The United States is in the midst of a nursing shortage that is expected to intensify as baby boomers age and the need for health care grows. Compounding the problem is the fact that nursing colleges and universities across the country are struggling to expand enrollment levels to meet the rising demand for nursing care. The American Association of Colleges of Nursing (AACN) is concerned about the shortage of Registered Nurses (RNs) and is working with schools, policy makers, kindred organizations, and the media to bring attention to this health care crisis. AACN is working to enact legislation, identify strategies, and form collaborations to address the nursing shortage.
Influences of the Trend
Nursing School Enrollments
Though AACN reported a 7.6% enrollment increase in entry-level baccalaureate programs in nursing in 2006 over the previous year, this increase is not sufficient to meet the projected demand for nurses. HRSA officials stated in an April 2006 report that "to meet the projected growth in demand for RN services, the U.S. must graduate approximately 90 percent more nurses from US nursing programs." According to AACN's report on 2006-2007 Enrollment and Graduations in Baccalaureate and Graduate Programs in Nursing, U.S. nursing schools turned away 42,866 qualified applicants from baccalaureate and graduate nursing programs in 2006 due to insufficient number of faculty, clinical sites, classroom space, clinical preceptors, and budget constraints. Almost three quarters (71.0%) of the nursing schools responding to the 2006 survey pointed to faculty shortages as a reason for not accepting all qualified applicants into entry-level nursing programs. According to a study released by the Southern Regional Board of Education (SREB) in February 2002, a serious shortage of nursing faculty was documented in 16 SREB states and the District of Columbia. Survey findings show that the combination of faculty vacancies (432) and newly budgeted positions (350) points to a 12% shortfall in the number of nurse educators needed. Unfilled faculty positions, resignations, projected retirements, and the shortage of students being prepared for the faculty role pose a threat to the nursing education workforce over the next five years. Aging Population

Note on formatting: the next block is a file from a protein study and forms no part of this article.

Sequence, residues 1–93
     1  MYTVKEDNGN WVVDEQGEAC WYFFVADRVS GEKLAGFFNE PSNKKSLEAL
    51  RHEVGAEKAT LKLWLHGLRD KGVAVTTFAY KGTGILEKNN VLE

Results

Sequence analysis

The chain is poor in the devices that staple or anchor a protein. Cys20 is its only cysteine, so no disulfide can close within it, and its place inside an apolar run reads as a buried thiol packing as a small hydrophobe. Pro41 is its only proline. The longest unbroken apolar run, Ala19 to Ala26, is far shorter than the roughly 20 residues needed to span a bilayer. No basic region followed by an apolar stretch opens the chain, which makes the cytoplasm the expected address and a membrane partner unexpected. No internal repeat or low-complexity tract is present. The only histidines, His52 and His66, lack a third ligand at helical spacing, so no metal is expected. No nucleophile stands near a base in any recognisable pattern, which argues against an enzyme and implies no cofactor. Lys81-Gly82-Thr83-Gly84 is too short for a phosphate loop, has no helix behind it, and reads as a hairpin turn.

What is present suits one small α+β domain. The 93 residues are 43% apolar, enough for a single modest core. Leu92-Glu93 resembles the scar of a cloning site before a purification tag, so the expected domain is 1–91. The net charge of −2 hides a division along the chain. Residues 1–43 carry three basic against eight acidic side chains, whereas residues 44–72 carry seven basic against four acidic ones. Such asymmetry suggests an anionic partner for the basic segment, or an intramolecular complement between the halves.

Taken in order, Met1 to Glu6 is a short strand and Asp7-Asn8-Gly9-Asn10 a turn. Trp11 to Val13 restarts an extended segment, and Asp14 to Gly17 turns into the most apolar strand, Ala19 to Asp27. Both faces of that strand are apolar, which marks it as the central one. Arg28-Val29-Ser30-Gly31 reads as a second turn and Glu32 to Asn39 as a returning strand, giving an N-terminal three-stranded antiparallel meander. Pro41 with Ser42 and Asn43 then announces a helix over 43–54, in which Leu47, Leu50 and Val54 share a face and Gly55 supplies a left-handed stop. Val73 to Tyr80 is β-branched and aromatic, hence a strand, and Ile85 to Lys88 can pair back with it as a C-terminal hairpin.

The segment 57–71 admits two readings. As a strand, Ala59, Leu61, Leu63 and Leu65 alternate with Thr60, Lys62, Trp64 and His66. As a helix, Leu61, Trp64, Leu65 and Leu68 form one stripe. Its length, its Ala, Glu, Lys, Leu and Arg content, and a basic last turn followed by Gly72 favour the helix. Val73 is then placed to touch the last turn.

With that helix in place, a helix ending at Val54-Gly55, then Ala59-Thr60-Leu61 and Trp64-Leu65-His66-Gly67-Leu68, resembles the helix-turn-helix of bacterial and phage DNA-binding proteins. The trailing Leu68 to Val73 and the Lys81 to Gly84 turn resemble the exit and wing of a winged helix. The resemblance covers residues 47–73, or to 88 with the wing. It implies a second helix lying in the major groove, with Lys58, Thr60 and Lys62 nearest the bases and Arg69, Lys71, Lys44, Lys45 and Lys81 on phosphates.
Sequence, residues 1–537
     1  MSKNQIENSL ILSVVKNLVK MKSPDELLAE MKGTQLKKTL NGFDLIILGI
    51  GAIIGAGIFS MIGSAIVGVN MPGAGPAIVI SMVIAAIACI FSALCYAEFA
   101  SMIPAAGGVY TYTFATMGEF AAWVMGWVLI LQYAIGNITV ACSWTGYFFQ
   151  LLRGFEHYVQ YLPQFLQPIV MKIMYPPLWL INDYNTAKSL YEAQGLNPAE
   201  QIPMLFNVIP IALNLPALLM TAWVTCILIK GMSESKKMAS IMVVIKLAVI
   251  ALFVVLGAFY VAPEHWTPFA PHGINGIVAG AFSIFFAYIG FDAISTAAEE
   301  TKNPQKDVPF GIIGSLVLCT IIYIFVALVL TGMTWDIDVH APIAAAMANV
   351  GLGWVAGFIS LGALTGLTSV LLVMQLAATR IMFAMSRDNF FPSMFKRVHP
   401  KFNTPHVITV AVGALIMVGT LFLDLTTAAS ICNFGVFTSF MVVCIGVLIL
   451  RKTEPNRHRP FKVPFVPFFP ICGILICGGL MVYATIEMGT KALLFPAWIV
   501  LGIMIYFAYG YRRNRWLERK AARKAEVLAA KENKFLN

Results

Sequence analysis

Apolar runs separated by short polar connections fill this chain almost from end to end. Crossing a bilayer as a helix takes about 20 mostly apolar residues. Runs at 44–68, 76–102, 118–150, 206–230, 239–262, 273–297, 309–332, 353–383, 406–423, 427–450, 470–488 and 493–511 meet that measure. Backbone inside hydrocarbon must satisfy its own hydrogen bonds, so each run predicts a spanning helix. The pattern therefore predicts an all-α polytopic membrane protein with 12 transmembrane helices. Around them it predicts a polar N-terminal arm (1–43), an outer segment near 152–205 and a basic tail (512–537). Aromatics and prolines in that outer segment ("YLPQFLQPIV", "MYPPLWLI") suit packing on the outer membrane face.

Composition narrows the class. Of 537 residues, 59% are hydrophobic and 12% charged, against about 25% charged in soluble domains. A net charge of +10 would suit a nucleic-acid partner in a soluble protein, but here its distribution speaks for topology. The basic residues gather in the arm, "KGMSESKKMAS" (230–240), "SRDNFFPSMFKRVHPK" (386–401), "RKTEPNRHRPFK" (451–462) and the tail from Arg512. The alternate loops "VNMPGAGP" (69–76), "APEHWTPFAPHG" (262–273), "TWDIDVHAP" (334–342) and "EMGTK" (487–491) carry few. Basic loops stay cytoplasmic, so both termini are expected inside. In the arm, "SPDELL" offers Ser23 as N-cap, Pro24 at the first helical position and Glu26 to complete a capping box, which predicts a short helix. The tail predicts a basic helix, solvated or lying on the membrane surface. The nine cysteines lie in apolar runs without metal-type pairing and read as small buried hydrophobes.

According to the July 2001 report, Nursing Workforce: Emerging Nurse Shortages Due to Multiple Factors (GAO-01-944), a serious shortage of nurses is expected in the future as demographic pressures influence both supply and demand. The future demand for nurses is expected to increase dramatically as the baby boomers reach their 60s and beyond. According to a May 2001 report, Who Will Care for Each of Us?: America's Coming Health Care Crisis, released by the Nursing Institute at the University of Illinois College of Nursing, the ratio of potential caregivers to the people most likely to need care, the elderly population, will decrease by 40% between 2010 and 2030. Demographic changes may limit access to health care unless the number of nurses and other caregivers grows in proportion to the rising elderly population. Job Burnout
In the March-April 2005 issue of Nursing Economic$, Dr. Peter Buerhaus and colleagues found that more than 75% of RNs believe the nursing shortage presents a major problem for the quality of their work life, the quality of patient care, and the amount of time nurses can spend with patients. Looking forward, almost all surveyed nurses see the shortage in the future as a catalyst for increasing stress on nurses (98%), lowering patient care quality (93%) and causing nurses to leave the profession (93%). According to a study in the October 2002 Journal of the American Medical Association, nurses reported greater job dissatisfaction and emotional exhaustion when they were responsible for more patients than they can safely care for. Researcher Dr. Linda Aiken concluded that "failure to retain nurses...